Latest News

Posted 25-06-2019
Why Housing First? Why Not Housing Second? Or Third?

"Housing First is an approach to homelessness that prioritises providing permanent housing to people experiencing homelessness quickly, thus ending their homelessness and serving as a platform from which they can pursue personal goals and improve their quality of life."

Posted 05-06-2019
Homelessness soars in our biggest cities, driven by rising inequality since 2001

"Homelessness in major cities, especially severe crowding, has risen disproportionately in areas with a shortage of affordable private rental housing and higher median rents."

"Governments must find ways to urgently increase both the supply and size of affordable rental dwellings for people with the lowest incomes. We also require better integration of planning, labour, income support and housing policies targeted to areas of high need."

Posted 14-03-2019
3 cities in the U.S. have ended chronic homelessness: Here’s how they did it

Nine more have ended veteran homelessness. It’s part of a national program called Built for Zero that uses a data-based approach to help officials figure out exactly who needs what services. Now it’s launching in 50 more cities.

"Communities in the program use a coordinated approach. Bergen County, New Jersey, with a population of nearly 1 million, was the first in the country to end chronic homelessness, reaching the goal in 2017. (Six months earlier, it had also ended veteran homelessness.) The county created a “command center” that brought together various organizations working on homelessness, and then began using real-time data about each person experiencing homelessness so that everyone could work together to get them housed. Like many places, Bergen County also committed to a “housing first” approach, meaning that people move into permanent housing as a first step before also getting help with finding a job, mental healthcare, or other issues."

Posted 01-06-2018
Find and Connect receive their first international award.

A big congratulations to Find and Connect on receiving their first international award (the Society of American Archivists Philip M. Hamer and Elizabeth Hamer Kegan Award), and the only successful project outside of the US and Canada to win this prestigious prize.

Posted 16-05-2018
Homelessness: Australia’s shameful story of policy complacency and failure continues

"Exactly a decade ago in 2008, the Australian government committed to an ambitious strategy to halve national homelessness by 2020. Through stepped-up early intervention, better homelessness services and an expanded supply of affordable housing, the problem would be tackled with conviction. Instead, as succeeding governments regrettably abandoned the 2008 strategy, homelessness in Australia has been on the rise."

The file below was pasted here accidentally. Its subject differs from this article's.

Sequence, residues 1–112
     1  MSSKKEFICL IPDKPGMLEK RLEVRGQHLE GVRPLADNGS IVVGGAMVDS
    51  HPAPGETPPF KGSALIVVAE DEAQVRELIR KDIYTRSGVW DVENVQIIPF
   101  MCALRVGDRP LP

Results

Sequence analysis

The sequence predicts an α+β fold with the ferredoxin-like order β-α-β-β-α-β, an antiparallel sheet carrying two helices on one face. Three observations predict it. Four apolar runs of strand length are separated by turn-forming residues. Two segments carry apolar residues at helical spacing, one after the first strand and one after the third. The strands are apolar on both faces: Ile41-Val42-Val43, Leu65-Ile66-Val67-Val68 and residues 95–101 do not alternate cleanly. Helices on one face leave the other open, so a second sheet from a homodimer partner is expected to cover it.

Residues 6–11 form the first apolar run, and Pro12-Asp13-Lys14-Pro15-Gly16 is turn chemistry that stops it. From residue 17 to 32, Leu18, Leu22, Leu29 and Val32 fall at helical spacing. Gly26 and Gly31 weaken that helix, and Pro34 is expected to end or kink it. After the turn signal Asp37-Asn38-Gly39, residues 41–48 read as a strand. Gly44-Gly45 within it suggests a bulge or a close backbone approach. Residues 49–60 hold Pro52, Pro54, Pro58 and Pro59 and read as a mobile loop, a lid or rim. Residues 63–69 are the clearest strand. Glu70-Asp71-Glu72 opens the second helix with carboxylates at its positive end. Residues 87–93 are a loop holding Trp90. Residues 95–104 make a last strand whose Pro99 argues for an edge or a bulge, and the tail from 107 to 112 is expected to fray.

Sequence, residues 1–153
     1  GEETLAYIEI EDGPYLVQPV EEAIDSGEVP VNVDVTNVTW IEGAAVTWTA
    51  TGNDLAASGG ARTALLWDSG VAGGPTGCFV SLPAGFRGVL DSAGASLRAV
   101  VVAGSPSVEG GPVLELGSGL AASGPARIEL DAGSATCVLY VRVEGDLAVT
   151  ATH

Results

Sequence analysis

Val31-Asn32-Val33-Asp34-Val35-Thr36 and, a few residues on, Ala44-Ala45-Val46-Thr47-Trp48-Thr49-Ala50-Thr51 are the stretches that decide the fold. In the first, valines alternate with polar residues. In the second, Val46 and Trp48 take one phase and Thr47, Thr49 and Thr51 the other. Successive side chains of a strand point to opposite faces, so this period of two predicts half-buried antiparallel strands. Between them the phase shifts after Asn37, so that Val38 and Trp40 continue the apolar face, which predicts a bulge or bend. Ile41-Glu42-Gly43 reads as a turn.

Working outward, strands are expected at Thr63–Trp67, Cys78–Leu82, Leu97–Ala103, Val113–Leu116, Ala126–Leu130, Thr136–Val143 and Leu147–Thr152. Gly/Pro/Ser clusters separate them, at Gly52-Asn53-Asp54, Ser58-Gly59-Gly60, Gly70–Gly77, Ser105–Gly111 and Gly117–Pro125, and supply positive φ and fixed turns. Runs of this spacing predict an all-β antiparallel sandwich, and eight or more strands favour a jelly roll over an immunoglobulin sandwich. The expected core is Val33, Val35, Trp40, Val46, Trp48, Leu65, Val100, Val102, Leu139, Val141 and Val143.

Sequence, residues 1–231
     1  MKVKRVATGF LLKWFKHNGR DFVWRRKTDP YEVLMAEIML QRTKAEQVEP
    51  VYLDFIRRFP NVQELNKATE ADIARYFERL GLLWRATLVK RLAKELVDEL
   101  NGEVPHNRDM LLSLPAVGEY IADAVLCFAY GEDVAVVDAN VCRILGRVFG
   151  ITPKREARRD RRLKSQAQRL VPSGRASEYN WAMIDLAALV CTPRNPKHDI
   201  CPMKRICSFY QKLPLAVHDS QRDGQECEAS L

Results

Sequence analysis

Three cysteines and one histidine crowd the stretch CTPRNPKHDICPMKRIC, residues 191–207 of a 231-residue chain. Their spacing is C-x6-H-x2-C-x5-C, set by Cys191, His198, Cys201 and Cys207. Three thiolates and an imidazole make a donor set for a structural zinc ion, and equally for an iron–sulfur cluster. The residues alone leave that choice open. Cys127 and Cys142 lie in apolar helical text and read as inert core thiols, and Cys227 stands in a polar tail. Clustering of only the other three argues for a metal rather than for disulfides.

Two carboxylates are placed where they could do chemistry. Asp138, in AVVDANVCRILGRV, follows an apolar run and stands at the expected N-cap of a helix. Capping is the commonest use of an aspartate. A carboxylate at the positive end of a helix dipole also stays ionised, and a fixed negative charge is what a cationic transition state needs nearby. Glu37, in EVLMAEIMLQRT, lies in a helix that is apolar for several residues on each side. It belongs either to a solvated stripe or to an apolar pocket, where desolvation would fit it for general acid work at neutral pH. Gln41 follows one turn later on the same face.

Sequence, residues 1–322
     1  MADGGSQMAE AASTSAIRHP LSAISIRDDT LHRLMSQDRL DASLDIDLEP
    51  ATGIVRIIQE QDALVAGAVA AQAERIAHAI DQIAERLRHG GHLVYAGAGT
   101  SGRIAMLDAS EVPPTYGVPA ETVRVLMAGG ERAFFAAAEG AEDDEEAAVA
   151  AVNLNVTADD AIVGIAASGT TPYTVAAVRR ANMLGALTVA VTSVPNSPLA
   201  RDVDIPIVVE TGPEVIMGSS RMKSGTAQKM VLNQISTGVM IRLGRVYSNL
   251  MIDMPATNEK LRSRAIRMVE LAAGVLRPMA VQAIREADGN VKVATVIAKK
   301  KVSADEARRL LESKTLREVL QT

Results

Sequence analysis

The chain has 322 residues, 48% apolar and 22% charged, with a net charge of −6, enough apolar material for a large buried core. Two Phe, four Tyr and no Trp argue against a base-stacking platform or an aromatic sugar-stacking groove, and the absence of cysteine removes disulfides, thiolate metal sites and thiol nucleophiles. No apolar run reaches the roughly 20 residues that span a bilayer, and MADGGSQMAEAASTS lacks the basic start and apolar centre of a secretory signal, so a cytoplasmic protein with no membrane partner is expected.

"Last week’s federal budget offered no response to this concern. And the problem is fast getting worse, as highlighted in our new Australian Homelessness Monitor, prepared for independent community organisation Launch Housing. Emulating a respected UK annual monitoring project, this report is a comprehensive national analysis of the state of homelessness in Australia together with the potential policy, economic and social drivers of the trends across the country."

Posted 27-03-2018
Wealthy Tax Concessions Costing $68 Billion a Year

“Our report shows that characterisations of the poorest Australians as a burden on the economy are inaccurate and, if we are to worry about unnecessary imposts on the budget, there is a very strong case for reducing tax concessions and other direct benefits to our wealthiest citizens,” Anglicare Australia Executive Director Kasy Chambers.

Posted 19-03-2018
Five-year homelessness funding to provide more stability

For the first time since 2013, an agreement between the federal and state governments has been reached to provide funding in a five-year blocks to let agencies plan long-term to fight rising homelessness.

In Queensland, that means assured five-year funding for 89 non government organizations to provide 170 specialist homelessness services.

Posted 02-03-2018
South Australia to opt in to National Redress Scheme for sex abuse victims

South Australia will opt into the National Redress Scheme for sexual abuse survivors after a deal was struck to recognise the state’s already established compensation scheme, Premier Jay Weatherill says.

Mr Weatherill had previously held out from opting in to a national scheme, arguing SA should not have to “pay twice” because other states had been slow to set up redress schemes.

The federal scheme provides much greater compensation for victims, granting payments of up to $150,000, as well as access to psychological support.

In contrast, the state scheme’s compensation is capped at $50,000 for cases before 2015, and $100,000 for cases after that.

Posted 14-02-2018
The PM and premiers forgot about sexual abuse compensation

"When the nation’s premiers and chief ministers fronted the media on Friday, following their COAG meeting with the prime minister, there was one notable issue missing from the post-meeting remarks.

It’s almost impossible to imagine the horror that was inflicted on these children, and the psychological burden they’ve carried since.

And yet now the very governments and institutions that let them down in the first place are squabbling over the cost and political implications of establishing a national scheme that will provide little more than token compensation."

Posted 06-02-2018
Statement on past mental health practices – The Royal Australian and New Zealand College of Psychiatrists

"The Royal Australian and New Zealand College of Psychiatrists commends the Queensland Government's acknowledgment of the past harmful mental health treatment of children in state care, and supports its commitment to meaningfully reconciling with all those affected."